Review process discussed

The committee, chaired by Mayor Geiszler, includes Hauck (whose resignation was effective Friday), Hoffert and Police Chief John Rose.

The police department has a review process in place, but there are no processes in place for the public works department nor the administration and finance department at city hall.

The committee will ask Johnson to collect samples of evaluation forms and job descriptions for the committee to review. Geiszler stated he would like the process to include department supervisors sharing reviews with the committee chairs the supervisors answer to. Suggestions will be reviewed at an October meeting with the goal of having a review process finalized by December.

Ward 4 Council Member Craig Zachmeier was present at the meeting. He plans to share a review form used for Bureau of Criminal Investigation employees. Zachmeier said he reviewed previous forms used by city departments and found a majority to have the same assessments given to all employees.

“Previous evaluations were all at 10 with no comments,” Zachmeier said.

Hauck stated that a committee chair should dock a department supervisor if all 10s are given on evaluations without comments justifying the scores.

Geiszler said he wants employees to be fully aware of job responsibilities and how the review process will work.

Rose emphasized the importance of receiving employee acknowledgment of the policy, so the city has the power to properly address personnel issues. The committee plans to further discuss what employees may be required to sign.

Hauck stated that she repeatedly asked the personnel committee to review job descriptions for city employees.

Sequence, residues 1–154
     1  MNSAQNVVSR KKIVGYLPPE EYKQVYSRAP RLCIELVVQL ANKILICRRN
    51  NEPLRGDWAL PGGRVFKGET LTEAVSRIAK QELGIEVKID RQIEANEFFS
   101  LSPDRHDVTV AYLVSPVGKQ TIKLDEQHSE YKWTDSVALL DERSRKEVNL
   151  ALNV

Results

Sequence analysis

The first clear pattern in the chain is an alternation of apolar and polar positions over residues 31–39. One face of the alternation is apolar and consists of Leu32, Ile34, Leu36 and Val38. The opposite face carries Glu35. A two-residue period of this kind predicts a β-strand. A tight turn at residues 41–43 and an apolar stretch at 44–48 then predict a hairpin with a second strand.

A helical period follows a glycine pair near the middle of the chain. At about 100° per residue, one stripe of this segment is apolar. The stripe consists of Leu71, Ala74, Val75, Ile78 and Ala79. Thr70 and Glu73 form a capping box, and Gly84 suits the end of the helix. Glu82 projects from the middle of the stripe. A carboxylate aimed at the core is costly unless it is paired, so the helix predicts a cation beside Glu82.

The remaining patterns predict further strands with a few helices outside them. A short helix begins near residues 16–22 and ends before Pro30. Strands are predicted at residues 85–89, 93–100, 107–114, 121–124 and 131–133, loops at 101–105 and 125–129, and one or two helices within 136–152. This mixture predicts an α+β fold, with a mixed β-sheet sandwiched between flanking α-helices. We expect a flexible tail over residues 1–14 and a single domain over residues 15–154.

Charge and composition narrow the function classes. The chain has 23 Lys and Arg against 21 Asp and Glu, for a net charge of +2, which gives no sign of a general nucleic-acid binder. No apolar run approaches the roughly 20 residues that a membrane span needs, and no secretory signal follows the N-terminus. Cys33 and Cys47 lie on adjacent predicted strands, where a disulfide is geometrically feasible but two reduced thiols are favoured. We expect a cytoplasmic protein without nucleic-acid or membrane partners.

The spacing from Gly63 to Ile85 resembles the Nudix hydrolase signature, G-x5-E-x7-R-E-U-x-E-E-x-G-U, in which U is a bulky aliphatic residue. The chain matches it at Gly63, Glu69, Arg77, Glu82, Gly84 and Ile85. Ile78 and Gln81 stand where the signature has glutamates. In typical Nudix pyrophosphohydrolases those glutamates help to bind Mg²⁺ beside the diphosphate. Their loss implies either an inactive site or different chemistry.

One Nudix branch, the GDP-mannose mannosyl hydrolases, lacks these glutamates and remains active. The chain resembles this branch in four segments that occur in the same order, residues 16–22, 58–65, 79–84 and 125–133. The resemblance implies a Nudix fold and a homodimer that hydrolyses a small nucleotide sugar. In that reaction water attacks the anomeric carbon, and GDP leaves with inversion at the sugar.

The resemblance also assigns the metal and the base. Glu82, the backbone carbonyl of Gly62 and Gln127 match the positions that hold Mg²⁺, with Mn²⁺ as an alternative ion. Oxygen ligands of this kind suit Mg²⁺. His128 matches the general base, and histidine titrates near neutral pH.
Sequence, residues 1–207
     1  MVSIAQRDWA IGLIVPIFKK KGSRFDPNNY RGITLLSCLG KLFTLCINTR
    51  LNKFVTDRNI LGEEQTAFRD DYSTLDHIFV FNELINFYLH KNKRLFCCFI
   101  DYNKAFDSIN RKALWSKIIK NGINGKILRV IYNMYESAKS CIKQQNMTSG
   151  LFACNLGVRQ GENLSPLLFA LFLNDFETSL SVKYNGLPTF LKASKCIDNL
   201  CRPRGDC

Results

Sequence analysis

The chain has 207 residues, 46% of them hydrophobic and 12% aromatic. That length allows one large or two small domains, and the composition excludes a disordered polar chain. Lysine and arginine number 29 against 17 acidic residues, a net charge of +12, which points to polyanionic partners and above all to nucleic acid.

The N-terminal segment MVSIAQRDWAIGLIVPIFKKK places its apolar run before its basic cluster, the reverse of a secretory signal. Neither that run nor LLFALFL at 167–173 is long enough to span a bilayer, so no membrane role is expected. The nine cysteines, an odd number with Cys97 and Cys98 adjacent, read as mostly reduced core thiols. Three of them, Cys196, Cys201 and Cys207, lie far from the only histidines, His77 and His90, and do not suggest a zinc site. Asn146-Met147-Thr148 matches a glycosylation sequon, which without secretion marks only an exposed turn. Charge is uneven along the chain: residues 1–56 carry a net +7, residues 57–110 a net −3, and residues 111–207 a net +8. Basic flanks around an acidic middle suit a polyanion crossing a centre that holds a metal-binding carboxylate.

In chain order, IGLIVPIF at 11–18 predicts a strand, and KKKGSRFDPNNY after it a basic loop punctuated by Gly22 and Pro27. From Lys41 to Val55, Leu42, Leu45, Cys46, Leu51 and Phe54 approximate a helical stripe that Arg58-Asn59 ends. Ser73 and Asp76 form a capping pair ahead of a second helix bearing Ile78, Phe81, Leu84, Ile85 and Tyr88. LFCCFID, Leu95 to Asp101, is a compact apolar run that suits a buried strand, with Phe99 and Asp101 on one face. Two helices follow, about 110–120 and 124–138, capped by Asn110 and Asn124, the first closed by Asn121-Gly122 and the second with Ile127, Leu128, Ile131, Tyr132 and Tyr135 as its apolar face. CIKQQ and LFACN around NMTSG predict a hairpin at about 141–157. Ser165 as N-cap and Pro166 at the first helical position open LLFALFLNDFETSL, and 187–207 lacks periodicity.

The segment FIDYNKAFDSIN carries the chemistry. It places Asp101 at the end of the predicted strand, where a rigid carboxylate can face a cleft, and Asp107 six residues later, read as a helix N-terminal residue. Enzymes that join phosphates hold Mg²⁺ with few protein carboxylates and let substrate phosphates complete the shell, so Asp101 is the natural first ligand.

Hoffert asked the mayor why job descriptions and the employee review process had not gained more traction in recent years. Geiszler said he discussed the topic with former city attorney Mark Butz a few years ago, and changes weren’t deemed necessary at the time.

Other meeting news

Hoffert stated that members of the community brought to his attention the use of poor language by public works employees in public settings. Geiszler said if that behavior happens it should be documented.

“I believe the pattern of this type of language is continuing, from the feedback I’ve got,” Hoffert said. “I don’t think the public has to sign a complaint. We’re big boys and we can police them. I feel like we’ve addressed something that previous administrations didn’t, for whatever reason.”

Police Chief Rose requested assistance in financing out-of-town officer training sessions to insure officers can afford the trips. Officers are reimbursed, but may have to go to training ahead of their next paychecks.